About St Martin's Church, Westmeston


The nave has been here since Norman times, and has been much added to over the centuries. The walls of the nave are original Norman and so is the doorway on the north wall.

  • The chancel was added in the 13th century. The north and west walls and the arch were rebuilt in the 19th century.
  • The arches and the aisle on the south are early 14th century work, and the wall here leans outwards.
  • The chapel was built in the 15th century; it is now a vestry and houses the organ.
  • The porch is rather fine; the brick base is 450 years old but parts of the timbering are nearly 600 years old.
  • The small bell turret is 14th century repair work and contains three bells, two were cast in 1636, the third in 1712; they have since been recast.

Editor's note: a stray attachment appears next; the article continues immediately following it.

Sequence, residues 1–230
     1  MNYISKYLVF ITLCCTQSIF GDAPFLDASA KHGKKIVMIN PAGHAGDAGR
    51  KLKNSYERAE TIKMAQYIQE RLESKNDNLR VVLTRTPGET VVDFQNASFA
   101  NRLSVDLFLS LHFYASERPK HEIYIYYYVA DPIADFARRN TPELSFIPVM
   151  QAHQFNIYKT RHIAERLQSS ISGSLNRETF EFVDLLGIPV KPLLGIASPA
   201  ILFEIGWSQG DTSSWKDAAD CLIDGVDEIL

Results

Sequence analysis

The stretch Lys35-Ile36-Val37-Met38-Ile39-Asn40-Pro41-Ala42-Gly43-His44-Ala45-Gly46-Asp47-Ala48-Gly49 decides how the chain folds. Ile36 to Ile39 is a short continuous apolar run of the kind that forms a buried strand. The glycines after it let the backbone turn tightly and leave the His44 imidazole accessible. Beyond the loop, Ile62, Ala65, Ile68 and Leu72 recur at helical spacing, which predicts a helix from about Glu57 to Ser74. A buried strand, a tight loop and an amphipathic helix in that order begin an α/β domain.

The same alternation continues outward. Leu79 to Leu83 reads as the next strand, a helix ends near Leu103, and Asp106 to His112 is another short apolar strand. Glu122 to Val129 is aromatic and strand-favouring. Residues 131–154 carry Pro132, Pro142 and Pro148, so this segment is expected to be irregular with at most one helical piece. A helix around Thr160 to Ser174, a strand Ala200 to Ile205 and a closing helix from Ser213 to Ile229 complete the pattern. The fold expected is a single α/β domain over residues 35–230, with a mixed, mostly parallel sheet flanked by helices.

• The font is Norman work and is unusual as it is made of chalk clunch in the shape of a cup. Only one other chalk font exists.
  • The stained glass windows are relatively modern.
  • The pulpit is Jacobean and made of oak.

From the west door you will see that the chancel is 'skewed' relative to the axis of the nave. This is a common feature of English churches and is thought to be an attempt to line the later building to face Jerusalem rather than due east as was the custom of the earlier nave builders.